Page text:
Kings chief topic at NBA commissioner Stern's last briefing
TribLIVE Sports Videos
HOUSTON — No new details on Sacramento against Seattle, though the next All-Star decision might be New York versus New York.
NBA commissioner David Stern fielded numerous questions Saturday but provided little news about the future of the Sacramento Kings during his last All-Star Weekend news conference.
A Seattle group has reached an agreement to buy the team from the Maloof family with the goal of moving it to the Northwest, and Sacramento Mayor Kevin Johnson is trying to keep the Kings in California's capital.
Stern said owners will continue to discuss the plans and will hear from Mayor Kevin Johnson with the goal of deciding at their April board meeting. Without saying how, Stern said Sacramento has a chance of beating out what he has said is a strong bid from the Seattle group.
“Oh, certainly it's plausible to me, but I don't have a vote,” Stern said. “But I expect the owners to have a very open mind on this. And it isn't plausible yet to talk about it until the predicates have been fulfilled.”
Stern plans to retire on Feb. 1, 2014, on what would be the 30th anniversary of his appointment to the job. The 2014 game is going to New Orleans, and deputy commissioner Adam Silver said the 2015 event is likely headed to either the Knicks' Madison Square Garden or the new Barclays Center in Brooklyn.
Silver didn't say when a decision would be made.
Sacramento may be out of the NBA business by then. A Seattle group led by Chris Hansen and Steve Ballmer has reached an agreement with the Maloof family to buy 65 percent of the franchise, which is valued at $525 million, and move the team to Seattle and restore the SuperSonics name. The deal will cost the Hansen group a little more than $340 million.
Johnson has asked for and been granted a chance to deliver a competing offer, which is expected by March 1, and to address the board. And he insists his city has a “competitive advantage” because the NBA previously approved Sacramento's financing plans for a new arena last year when it thought it had brokered a deal between the Maloofs and the city that the owners later pulled out of.
“We're going to deliver a brand new arena downtown. At the end of the day, that's a key variable and I think it gives us a competitive advantage,” Johnson said in a separate press conference. “We have a deal that was approved by the NBA already, where the city has a significant public investment that we're willing to put forward, to build a brand new arena. That's a key reason why unfortunately a team left Seattle and why teams do leave, is you can't get arena deals done.”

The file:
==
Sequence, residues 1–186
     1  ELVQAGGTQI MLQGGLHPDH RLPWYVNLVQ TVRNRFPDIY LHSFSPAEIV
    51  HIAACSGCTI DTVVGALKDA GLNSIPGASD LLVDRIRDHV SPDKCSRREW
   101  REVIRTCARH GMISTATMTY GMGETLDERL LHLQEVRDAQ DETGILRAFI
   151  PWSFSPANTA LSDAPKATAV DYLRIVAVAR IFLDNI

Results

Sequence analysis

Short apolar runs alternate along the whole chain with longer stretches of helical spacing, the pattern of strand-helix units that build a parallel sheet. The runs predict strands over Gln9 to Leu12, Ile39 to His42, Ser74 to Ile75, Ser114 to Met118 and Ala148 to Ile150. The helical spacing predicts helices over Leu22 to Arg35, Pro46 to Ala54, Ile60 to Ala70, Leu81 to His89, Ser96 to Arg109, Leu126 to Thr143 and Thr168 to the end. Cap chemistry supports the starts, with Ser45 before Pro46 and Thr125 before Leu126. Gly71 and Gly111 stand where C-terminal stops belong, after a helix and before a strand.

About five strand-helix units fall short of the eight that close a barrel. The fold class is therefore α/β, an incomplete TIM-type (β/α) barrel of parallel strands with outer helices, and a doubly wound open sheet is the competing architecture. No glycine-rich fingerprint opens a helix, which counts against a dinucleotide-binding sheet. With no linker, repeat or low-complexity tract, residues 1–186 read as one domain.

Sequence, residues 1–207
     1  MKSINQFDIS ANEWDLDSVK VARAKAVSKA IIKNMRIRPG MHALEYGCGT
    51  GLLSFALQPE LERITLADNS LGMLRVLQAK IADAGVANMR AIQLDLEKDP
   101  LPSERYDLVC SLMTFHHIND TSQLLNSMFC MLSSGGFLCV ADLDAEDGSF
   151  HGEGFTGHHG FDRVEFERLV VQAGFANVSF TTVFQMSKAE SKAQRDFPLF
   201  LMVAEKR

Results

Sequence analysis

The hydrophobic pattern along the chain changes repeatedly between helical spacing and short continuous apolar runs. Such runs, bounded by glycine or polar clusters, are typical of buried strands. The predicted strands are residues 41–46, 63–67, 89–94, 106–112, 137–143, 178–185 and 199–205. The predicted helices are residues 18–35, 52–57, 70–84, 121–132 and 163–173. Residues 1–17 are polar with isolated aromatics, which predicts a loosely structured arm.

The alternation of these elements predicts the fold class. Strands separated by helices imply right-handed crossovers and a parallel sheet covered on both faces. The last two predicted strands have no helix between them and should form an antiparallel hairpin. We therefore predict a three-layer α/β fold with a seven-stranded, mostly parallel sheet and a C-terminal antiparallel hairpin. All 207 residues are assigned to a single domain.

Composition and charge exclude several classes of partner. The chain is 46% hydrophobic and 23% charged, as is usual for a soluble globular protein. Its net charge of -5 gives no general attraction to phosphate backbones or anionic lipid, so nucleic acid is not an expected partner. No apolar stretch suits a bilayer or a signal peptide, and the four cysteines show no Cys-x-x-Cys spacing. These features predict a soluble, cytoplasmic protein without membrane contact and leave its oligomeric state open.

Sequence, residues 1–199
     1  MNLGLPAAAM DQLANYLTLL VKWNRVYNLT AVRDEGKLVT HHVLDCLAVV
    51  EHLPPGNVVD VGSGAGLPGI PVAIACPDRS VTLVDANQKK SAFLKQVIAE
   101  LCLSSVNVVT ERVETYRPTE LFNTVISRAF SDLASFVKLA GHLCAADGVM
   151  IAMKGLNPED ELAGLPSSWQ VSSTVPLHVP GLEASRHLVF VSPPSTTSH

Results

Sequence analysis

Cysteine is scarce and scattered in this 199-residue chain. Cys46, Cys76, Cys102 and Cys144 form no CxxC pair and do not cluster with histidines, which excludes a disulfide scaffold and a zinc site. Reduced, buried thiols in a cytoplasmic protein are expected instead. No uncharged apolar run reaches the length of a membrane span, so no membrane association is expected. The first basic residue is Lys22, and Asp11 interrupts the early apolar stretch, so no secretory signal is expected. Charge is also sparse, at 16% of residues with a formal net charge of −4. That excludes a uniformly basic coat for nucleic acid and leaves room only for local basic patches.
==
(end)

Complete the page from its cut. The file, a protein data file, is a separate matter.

Stern was asked if the decision will come down strictly to the arena deal.
“This is strictly about what the owners decide,” he said.
Show commenting policy
TribLive commenting policy
You are solely responsible for your comments and by using TribLive.com you agree to our Terms of Service.
We moderate comments. Our goal is to provide substantive commentary for a general readership. By screening submissions, we provide a space where readers can share intelligent and informed commentary that enhances the quality of our news and information.
While most comments will be posted if they are on-topic and not abusive, moderating decisions are subjective. We will make them as carefully and consistently as we can. Because of the volume of reader comments, we cannot review individual moderation decisions with readers.
We value thoughtful comments representing a range of views that make their point quickly and politely. We make an effort to protect discussions from repeated comments either by the same reader or different readers.
We follow the same standards for taste as the daily newspaper. A few things we won't tolerate: personal attacks, obscenity, vulgarity, profanity (including expletives and letters followed by dashes), commercial promotion, impersonations, incoherence, proselytizing and SHOUTING. Don't include URLs to Web sites.
We do not edit comments. They are either approved or deleted. We reserve the right to edit a comment that is quoted or excerpted in an article. In this case, we may fix spelling and punctuation.
We welcome strong opinions and criticism of our work, but we don't want comments to become bogged down with discussions of our policies and we will moderate accordingly.
We appreciate it when readers and people quoted in articles or blog posts point out errors of fact or emphasis and will investigate all assertions. But these suggestions should be sent via e-mail. To avoid distracting other readers, we won't publish comments that suggest a correction. Instead, corrections will be made in a blog post or in an article.
- South Fayette again defeats Aliquippa to defend WPIAL Class AA title
- Penguins notebook: Dupuis’ absence will alter roles on penalty kill
- Tire comes off, hits oncoming car, kills 1 on Route 28
- Stock market logs 5th straight week of gains as Dow hits record high
- Pine-Richland tops defending champ Central Catholic to capture WPIAL title
- Sonata exudes class
- Know flat-rate repair times
- MLB notebook: Rays’ managerial search narrowed to 3 finalists
- ‘Hunger Games’ salute leads to arrests
- Play of nose tackles could have impact on Steelers’ stretch run
- Ignoring expired ‘mandate’